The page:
In 1885, then-US President Grover Cleveland asked his Secretary of War, William C. Endicott, to create a ‘Board of Fortifications’, tasked with the creation of recommendations to significantly upgrade the United States’ coastal defenses, which had ceased since the 1870s. After the Civil War—in which the bulk of military budget and development had gone into ‘monitor ships’ for river warfare—the United States’ Navy was woefully out of date. Endicott’s report proposed $127 million (or $3.2 billion today) be poured into developing a reticulated system of fortifications and defensive batteries at strategic locations all along the coast of the United States, with a particular focus on urban centers. “The recommendations were enormous and arguably unrealistic, covering 27 locations…[and] including armament, floating batteries, submarine mines, and torpedo boats”.
Endicott’s program was never fully realized, and didn’t truly come into effect until 1890, hitting its stride in 1898 as a response against the Spanish in the Spanish-American War. In 1910, another Board of Fortifications was convened, and the Endicott period was brought to a close. However, the Board under Endicott represented a significant leap forward, both in terms of spatial understanding and technological capacity. The variegated approach the Endicott recommendations took towards coastal defense challenges both military operational procedure and ideas of concrete space. “Seacoast artillery…primarily served at separate harbors, manning varying numbers of batteries with widely differing sizes and number of guns”. There is no concrete aspect which is true for all Endicott fortifications; at the same time, it would be difficult to say it is fully abstract. Rather than a cohesive clockwork structure, coastal defense requires a conceptual acceptance of fluidity.
In many ways, the formal character of the fortifications—commonly, open-roofed concrete depressions surrounded by earthen glacis—was a substrate for the true star of the Endicott modernization: the “large caliber-breech loading artillery”, such as the 12-inch M1895 cannon which sat behind and inside the concrete defenses.
To fortify is to spatialize and technologize logistical knowledge. The foritified position spatializes the social hierarchy of military order by making legible the order in the territory. With respect to the Endicott system, the establishment of the concrete walls establishes the position: high, out of sight, with quite literally a commanding view of the territory. When constructed on a continental scale, we can identify some commonalities between the most disparate military spaces.
Position alone is not enough to truly disappear. Defense must be total when it comes to the military determination of space. This is evident, of course, in the M1895 gun. In its ‘coastal defense’ configuration the M1895 was mounted on an M1896, M1897, or M1901 ‘disappearing carriage’, which allowed the massive bulk of the gun to drop behind its concrete walls, into a hollowed out part of the battery. The nature of the fortification was such that even its offensive emanations must be concealed unless absolutely necessary.
Military disappearance is also a historical phenomenon. The Endicott system lasted until 1910; the M1895 gun in service until 1945. After this, there were two further disappearances. Abstract space’s indifference to usage is present here in a militarily contingent way: with ocean-facing coastal defense obsolesced in favor of air defense, the former forts of the Endicott system undergo a rapid transformation culminating in dissolution. Take, for example, Fort Tilden. After World War II, the coastal guns were retired and Nike Hercules anti-aircraft missiles soon took their place. Other forts disappeared into sprawling peacetime complexes, hidden behind fences and guard posts or under overgrowth.. Before long, even these were made obsolete, superseded by the advent of the Intercontinental Ballistic Missiles such as the Minuteman III. And even here was a further, dialectically unfolding disappearance: the ICBMs into hardened bunkers, and Fort Tilden into the control of the Park Service. The total indifference of abstract space continues unabated. One may imagine a future in which, for whatever reason, New York may again need coastal defenses, and the seamless transition the parks may make back to a hardened—which is to say, disappearing—military emplacement. This is the conditionality of abstract space: there is no condition at all. There is only abstraction’s “devastating conquest of the lived by the conceived”.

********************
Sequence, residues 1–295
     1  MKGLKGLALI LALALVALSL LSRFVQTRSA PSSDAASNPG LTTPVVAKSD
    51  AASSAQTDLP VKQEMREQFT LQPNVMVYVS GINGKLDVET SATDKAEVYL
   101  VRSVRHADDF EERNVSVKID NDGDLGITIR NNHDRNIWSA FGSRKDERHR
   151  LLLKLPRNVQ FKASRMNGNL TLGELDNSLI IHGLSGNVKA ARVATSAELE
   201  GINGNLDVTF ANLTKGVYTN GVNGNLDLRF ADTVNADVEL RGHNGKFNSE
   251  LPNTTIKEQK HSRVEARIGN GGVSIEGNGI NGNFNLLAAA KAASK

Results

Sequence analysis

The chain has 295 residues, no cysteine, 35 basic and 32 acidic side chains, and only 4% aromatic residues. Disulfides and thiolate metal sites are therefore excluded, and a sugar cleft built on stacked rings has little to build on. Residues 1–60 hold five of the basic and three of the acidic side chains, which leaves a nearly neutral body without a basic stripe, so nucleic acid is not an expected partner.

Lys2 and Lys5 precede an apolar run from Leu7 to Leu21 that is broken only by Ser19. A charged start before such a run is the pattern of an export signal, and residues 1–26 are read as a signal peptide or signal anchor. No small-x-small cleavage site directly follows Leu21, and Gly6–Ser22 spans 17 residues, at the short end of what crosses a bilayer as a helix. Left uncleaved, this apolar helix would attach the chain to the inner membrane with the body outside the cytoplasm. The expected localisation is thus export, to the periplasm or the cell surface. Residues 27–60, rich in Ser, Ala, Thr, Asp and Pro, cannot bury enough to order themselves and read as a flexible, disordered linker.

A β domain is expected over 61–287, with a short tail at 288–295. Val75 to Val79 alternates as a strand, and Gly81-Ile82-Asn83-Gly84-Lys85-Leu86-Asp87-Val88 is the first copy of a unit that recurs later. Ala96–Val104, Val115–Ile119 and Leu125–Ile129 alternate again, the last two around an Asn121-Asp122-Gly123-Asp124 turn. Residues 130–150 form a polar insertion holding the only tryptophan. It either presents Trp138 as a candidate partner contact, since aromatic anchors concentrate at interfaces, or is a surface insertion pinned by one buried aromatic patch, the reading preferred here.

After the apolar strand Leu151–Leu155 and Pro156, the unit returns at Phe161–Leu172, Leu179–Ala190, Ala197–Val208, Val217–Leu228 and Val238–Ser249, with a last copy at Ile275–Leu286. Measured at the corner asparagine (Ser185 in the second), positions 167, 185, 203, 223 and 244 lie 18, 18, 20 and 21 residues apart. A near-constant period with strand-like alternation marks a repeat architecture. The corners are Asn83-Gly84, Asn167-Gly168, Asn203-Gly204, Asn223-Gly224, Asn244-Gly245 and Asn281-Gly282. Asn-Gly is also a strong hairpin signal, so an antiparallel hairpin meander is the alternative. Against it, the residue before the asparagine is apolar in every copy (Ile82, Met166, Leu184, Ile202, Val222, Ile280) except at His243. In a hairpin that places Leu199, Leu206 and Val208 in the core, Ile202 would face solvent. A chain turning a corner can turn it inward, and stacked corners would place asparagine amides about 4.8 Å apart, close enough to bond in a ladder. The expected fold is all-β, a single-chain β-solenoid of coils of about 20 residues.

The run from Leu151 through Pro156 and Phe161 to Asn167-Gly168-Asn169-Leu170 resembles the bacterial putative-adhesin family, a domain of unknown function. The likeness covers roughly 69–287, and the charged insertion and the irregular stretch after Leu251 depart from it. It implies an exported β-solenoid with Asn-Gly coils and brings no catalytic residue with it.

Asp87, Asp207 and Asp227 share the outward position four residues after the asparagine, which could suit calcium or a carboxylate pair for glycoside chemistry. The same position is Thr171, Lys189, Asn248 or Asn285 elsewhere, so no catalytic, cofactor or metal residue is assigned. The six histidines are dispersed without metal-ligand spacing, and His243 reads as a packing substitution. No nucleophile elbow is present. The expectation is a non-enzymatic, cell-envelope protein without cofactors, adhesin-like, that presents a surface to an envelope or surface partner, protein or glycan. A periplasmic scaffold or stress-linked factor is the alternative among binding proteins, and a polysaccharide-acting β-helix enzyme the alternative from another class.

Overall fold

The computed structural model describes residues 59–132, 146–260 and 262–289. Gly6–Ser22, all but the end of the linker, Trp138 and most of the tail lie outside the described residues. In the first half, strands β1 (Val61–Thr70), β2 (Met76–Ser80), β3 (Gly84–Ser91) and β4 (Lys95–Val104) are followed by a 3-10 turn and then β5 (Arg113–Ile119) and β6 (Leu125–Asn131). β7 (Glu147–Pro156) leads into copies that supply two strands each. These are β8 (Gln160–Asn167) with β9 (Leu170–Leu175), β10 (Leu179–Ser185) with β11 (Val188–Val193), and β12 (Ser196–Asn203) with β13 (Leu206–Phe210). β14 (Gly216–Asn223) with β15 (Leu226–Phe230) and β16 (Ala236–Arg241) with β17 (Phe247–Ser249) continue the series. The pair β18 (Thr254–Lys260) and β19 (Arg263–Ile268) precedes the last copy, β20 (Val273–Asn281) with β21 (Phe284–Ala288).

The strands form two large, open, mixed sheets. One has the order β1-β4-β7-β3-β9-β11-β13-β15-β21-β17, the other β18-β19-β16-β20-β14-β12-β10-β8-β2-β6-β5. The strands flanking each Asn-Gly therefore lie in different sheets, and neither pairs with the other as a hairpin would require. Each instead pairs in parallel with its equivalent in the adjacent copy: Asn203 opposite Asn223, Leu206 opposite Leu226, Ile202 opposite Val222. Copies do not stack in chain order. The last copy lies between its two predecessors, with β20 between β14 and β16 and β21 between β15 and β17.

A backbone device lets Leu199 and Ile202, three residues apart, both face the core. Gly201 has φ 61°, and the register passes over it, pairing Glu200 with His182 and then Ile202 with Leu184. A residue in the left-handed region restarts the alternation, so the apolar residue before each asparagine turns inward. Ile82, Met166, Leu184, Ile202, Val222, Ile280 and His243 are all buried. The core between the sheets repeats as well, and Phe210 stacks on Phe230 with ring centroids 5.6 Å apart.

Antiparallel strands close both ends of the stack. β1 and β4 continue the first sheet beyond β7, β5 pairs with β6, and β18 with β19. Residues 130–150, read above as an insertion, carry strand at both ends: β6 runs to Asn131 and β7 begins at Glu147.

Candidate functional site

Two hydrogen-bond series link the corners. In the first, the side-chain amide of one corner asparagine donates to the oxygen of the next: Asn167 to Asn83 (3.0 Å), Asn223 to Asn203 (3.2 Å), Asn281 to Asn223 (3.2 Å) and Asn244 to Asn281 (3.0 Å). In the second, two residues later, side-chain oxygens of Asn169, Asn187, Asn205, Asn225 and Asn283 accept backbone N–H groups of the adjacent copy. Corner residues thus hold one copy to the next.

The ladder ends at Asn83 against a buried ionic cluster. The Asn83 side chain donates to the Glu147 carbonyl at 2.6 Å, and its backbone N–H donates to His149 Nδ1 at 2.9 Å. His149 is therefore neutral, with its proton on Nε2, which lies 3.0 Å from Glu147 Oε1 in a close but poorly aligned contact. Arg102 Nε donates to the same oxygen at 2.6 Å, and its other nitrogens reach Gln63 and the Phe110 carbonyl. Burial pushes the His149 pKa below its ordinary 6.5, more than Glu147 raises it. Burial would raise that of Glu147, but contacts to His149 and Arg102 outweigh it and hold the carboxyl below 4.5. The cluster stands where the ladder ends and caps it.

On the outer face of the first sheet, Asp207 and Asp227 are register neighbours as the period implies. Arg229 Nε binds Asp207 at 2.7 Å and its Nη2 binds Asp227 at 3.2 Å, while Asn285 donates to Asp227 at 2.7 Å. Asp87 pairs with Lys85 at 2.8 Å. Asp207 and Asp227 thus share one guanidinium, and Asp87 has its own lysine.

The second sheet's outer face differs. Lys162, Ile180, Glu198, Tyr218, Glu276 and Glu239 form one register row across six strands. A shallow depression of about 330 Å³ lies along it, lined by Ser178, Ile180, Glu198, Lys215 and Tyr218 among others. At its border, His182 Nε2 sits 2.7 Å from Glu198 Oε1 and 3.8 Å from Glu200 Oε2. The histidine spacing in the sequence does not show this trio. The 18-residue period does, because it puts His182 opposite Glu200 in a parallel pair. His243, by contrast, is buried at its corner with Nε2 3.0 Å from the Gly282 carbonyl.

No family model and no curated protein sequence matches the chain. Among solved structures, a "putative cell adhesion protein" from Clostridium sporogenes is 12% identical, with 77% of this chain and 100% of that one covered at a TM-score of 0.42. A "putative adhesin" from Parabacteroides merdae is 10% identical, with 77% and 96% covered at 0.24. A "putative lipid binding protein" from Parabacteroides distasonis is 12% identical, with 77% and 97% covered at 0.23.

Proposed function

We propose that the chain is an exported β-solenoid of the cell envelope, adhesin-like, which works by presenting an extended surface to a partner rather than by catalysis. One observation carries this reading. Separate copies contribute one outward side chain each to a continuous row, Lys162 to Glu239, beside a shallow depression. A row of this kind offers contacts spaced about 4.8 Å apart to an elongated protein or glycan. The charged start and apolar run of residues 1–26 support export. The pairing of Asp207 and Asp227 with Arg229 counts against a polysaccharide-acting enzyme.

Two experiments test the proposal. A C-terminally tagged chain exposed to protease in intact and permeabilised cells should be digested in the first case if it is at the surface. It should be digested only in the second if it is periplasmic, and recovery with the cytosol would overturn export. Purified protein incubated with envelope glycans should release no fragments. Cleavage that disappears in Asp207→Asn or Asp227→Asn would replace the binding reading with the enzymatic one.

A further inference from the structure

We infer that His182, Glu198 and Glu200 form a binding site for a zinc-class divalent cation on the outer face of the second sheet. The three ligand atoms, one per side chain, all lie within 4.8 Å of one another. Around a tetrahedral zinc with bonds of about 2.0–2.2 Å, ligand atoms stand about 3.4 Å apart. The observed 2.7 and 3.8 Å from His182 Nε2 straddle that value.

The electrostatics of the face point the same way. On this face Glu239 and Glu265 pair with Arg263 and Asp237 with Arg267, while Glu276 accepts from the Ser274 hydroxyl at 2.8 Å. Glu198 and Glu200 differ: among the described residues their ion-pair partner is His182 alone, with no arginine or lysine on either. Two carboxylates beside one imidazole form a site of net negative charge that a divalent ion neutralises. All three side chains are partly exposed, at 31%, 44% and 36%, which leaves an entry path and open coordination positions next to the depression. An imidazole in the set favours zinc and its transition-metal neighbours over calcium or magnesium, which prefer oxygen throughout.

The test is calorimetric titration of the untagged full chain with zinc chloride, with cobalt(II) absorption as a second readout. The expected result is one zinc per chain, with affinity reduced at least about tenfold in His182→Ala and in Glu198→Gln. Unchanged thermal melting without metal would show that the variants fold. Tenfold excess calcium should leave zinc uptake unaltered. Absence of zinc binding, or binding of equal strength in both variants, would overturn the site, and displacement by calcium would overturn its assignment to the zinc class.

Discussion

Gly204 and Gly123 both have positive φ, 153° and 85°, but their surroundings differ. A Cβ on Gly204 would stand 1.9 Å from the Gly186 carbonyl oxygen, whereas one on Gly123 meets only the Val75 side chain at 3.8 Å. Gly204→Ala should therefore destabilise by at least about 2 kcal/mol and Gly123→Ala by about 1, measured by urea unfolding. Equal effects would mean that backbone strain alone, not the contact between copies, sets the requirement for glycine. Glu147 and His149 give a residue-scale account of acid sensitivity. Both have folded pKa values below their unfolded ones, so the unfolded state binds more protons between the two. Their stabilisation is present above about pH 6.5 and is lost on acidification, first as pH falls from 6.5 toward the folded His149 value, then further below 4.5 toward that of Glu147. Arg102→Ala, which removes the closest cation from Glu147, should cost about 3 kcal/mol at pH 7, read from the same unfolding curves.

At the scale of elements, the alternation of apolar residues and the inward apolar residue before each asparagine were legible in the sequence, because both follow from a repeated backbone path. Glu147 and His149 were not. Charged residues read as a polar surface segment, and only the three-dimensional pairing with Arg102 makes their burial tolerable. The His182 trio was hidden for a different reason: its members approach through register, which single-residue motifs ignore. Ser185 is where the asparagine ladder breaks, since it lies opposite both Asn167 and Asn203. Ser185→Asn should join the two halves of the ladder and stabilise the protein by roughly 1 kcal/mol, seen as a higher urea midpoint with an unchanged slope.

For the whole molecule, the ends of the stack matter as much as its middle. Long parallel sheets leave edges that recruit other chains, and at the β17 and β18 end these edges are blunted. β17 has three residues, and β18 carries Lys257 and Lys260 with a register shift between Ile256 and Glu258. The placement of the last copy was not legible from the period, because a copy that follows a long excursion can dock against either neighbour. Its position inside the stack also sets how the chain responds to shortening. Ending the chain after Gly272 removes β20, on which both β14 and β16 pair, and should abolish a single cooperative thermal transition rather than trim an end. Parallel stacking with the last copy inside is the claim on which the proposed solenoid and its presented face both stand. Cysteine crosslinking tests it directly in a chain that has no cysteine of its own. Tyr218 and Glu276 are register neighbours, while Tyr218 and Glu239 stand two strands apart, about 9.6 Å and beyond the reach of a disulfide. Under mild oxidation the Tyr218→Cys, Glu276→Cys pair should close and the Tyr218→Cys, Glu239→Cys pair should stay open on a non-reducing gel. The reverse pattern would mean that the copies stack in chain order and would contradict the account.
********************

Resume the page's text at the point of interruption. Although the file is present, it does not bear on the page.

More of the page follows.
Disappearance is paired with projection. This appears concretely as the projection of force—a military term which means exactly what it sounds like. The Endicott system fortifications display this acutely—they are designed to make the here everywhere. The weaponry guns alone which each fortification wielded allowed for the projection force as much as 9 miles beyond its walls. Projection of force is inherently a colonial spatial practice, which allows for the explosion of a territory beyond its natural borders. The bounded character of military fortification obtains an annunciatory power that goes beyond the materiality of the weapon and into an institution. Projection entails an expansion of the rational logics of the military power prior to the construction of any structure or the placement of any gun. The area within the gun’s reach becomes oceanic—treated as flat and infinite, a projection on a map—and the oceanic becomes naturalized as the targeting field. The gun reorganizes space around it, in polar rays stretching out from the mouth of the gun; war space is not geometric but volumetric. At the same time, the flat sea requires projection upwards the arcing shot, the orbital strike, the fort on the bluff above the waves to use the infinite plain to its fullest extent. Space itself must take on strange, non-cadastral directions—a volume whose perfect 3D grid is interrupted only by the languid arcs of falling shells.
military space—not a new representation of space but a spatial practice (that is, of the triad) which occurs in, but does not diminish, the tendencies of abstraction (which are informed by the application of knowledge and power). To both appear and disappear, to become massive and shrink to nothing, is dialectical—it is about negation, and the negation of the negation. It is hard to separate the two: disappearance enables projection, and projection (keeping enemies at bay) makes disappearance all the more useful.
Not about supplying specificity to the overall condition of abstraction, but rather an attempt to describe two attitudes which abstraction may be thought of as having
The precise relationship of the determination with both the abstract and the concrete remains something I am unsure of.